Last night, Reuters hosted a panel entitled "Public Figures, Private Lives" to wallow in self-loathing about how much the media invades the personal lives of ostensibly public people. Panelists included First Amendment junkie Floyd Abrams, American Media den mother Bonnie Fuller, CNBC/MSNBC's Hilary Rosen, Splash News head Gary Morgan, and Slate's Jacob Weisberg, all skillfully moderated by Reuters's Paul Holmes. If you've stayed awake through that recitation of names, you might have also made it to the panel. Intern Stephanie and video-op Richard Blakeley went to the reception AND the panel (troopers!), producing the clip above (Bonnie Fuller considers herself a public figure!) and the incident report below.

Good to hear Bonnie, because you're in one now, somewhat. However, you are in Page Six today. Congrats. After the jump, a rundown on your panelist/combatants, and a little play-by-play.

Paul Holmes - The veteran Reuters reporter/panel moderator is also known as the lion tamer. Use your imagination for that one.

Bonnie Fuller - According to Nubian princess Gwyneth Paltrow, she is the devil. According to Holmes, she "peddles the magazine equivalent of crack."

Gary Morgan - The British-born paparazzi turned Splash News head provides the winning formula for tabloid sensationalism: beaches, bikinis, and babies.

Jacob Weisberg - The Slate dynamo also happens to be the person "least likely to be invited to dinner by George W." Maybe that's because George doesn't know who he is.

Floyd Abrams - Remember that old law professor that never gave anyone above an A-, because an A meant the class was too easy? Yeah, uh, well, you know ...

Hilary Rosen - The former RIAA Chairman was most likely placed for strategic gender equality. She also likes to use the term "prestige press," which most likely doesn't include us.

One of our many goals was to see what members of the press thought about Gawker invading the lives of the media elite. Unfortunately, we didn't get a chance to hear many replies; a reporter from the Post exclaimed "Oh no!" and turned away when she saw us lurking nearby.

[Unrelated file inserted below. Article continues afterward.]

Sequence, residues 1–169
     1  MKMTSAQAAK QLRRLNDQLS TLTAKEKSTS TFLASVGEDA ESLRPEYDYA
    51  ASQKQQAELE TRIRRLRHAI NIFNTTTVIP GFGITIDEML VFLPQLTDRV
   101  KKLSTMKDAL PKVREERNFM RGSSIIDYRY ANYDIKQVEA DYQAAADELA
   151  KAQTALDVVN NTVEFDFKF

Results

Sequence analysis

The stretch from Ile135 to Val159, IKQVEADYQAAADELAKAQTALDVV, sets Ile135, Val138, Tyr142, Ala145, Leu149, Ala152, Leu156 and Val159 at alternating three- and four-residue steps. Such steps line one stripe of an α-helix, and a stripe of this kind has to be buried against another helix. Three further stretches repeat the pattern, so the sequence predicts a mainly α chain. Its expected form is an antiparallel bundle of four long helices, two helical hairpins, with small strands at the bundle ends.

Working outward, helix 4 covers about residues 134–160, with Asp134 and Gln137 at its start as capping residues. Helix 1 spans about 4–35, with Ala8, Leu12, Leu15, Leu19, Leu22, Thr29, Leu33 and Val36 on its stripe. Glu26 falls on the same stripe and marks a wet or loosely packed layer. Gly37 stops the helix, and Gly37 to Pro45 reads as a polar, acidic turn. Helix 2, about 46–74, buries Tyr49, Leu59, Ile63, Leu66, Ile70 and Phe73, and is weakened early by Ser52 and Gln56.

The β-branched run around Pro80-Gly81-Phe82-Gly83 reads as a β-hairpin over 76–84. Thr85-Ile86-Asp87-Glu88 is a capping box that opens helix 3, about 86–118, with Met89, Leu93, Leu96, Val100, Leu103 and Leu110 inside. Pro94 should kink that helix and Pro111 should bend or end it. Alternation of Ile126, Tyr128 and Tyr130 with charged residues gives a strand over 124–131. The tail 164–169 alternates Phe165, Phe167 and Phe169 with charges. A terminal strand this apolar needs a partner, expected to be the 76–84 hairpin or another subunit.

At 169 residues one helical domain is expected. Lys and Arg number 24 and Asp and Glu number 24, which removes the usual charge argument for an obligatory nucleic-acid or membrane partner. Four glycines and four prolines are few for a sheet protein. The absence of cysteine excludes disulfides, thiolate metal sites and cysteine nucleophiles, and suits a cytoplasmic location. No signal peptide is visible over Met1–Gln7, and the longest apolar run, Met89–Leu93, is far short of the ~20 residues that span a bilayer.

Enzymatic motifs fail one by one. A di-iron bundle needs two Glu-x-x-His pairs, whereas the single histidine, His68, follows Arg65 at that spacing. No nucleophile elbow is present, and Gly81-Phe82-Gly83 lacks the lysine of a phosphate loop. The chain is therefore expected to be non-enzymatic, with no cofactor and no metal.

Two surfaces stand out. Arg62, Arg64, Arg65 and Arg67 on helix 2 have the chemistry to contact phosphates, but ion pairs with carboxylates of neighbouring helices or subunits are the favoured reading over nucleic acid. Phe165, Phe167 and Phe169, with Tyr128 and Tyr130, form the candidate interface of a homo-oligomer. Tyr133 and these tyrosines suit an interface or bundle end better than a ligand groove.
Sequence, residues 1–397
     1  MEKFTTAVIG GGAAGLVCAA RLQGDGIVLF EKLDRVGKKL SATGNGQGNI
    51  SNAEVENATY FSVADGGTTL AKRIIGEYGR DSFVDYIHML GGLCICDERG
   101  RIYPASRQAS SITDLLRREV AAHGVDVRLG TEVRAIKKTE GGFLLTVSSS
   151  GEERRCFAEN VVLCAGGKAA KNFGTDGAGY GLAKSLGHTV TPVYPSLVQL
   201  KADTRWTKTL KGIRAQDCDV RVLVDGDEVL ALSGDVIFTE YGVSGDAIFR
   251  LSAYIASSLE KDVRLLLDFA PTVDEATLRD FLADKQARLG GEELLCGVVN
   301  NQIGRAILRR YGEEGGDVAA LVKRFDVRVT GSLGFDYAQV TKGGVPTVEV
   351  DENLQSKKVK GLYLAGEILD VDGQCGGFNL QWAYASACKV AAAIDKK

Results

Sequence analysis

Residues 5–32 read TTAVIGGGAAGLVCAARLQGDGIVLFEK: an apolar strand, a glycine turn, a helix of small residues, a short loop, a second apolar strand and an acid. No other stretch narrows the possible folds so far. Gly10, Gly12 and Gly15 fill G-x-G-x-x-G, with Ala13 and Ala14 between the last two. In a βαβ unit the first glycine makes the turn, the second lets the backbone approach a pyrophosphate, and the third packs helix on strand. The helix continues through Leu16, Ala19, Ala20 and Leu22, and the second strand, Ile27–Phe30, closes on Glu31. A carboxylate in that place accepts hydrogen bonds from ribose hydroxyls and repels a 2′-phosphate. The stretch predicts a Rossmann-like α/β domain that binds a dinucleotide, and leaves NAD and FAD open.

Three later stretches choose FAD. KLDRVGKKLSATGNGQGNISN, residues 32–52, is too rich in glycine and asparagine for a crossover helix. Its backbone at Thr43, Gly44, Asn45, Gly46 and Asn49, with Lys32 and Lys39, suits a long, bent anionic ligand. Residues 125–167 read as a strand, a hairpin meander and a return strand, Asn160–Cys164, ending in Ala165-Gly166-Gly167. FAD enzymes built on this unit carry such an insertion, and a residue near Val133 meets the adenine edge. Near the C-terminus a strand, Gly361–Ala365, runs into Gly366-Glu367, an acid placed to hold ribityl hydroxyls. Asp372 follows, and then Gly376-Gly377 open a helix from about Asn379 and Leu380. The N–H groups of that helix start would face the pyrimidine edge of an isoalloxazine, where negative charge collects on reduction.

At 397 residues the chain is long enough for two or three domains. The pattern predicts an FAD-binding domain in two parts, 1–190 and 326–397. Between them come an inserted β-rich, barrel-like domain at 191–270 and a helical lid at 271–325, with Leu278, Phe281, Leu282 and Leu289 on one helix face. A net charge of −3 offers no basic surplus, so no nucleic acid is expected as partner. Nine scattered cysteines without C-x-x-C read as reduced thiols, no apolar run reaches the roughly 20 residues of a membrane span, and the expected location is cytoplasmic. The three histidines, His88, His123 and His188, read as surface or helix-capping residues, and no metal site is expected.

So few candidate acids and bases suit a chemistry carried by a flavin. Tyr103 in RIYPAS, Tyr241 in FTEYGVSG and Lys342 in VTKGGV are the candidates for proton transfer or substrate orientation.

Rosen pitted Brangelina vs. Bono, citing their charitable works and explaining that Bono doesn't receive any press for his doings. Well honey, if he impregnated Jennifer Aniston and flew her to Namibia to give birth to their love child, he would receive press too. It wouldn't be for his charitable work, but who cares?

The panel concluded that celebrities are partly to blame for their own troubles. Morgan explained, "There is a symbiotic relationship between the matches of evil. Everyone needs each other to push themselves forward." Bonnie agreed — "Celebrities make their private lives public to enhance their image and for monetary gain" — citing Jessica Simpson and Nick Lachey's ill-fated Newlyweds, since though it ruined a marriage, nevertheless boosted record sales. And that's all Papa Joe cared about anyway.

Seemingly out of nowhere (though very on-topic), a "publisher of several newspapers" offered to sell Bonnie photos of 104-year-old socialite Brooke Astor, allegedly obtained from one of her servants. Bonnie politely declined, saying the story would not be appropriate for Star's readership. Star does have standards!

The moral of the event is summed up concisely by Morgan's answer to the question of where to draw the line in coverage of private life: "When you get sued." Excelsior! And though we didn't stay to the very end of the panel, a spy reported the following exchange between Jossip's David Hauslaib and Bonnie Fuller:

David Hauslaib: I knew about Lance Bass being gay a long time ago.

Paul Holmes: Who?

Hauslaib: Lance Bass ... former 'N Syncer? Anyway, what are the terms by which Star outs a celebrity?

Fuller gave a long winded answer and basically said "We don't out people." (her answer wasn't interesting, just that the Jossip guy was really smug about know that Lance was gay "a long time ago").

Let's be honest. We were all gay, a long time ago.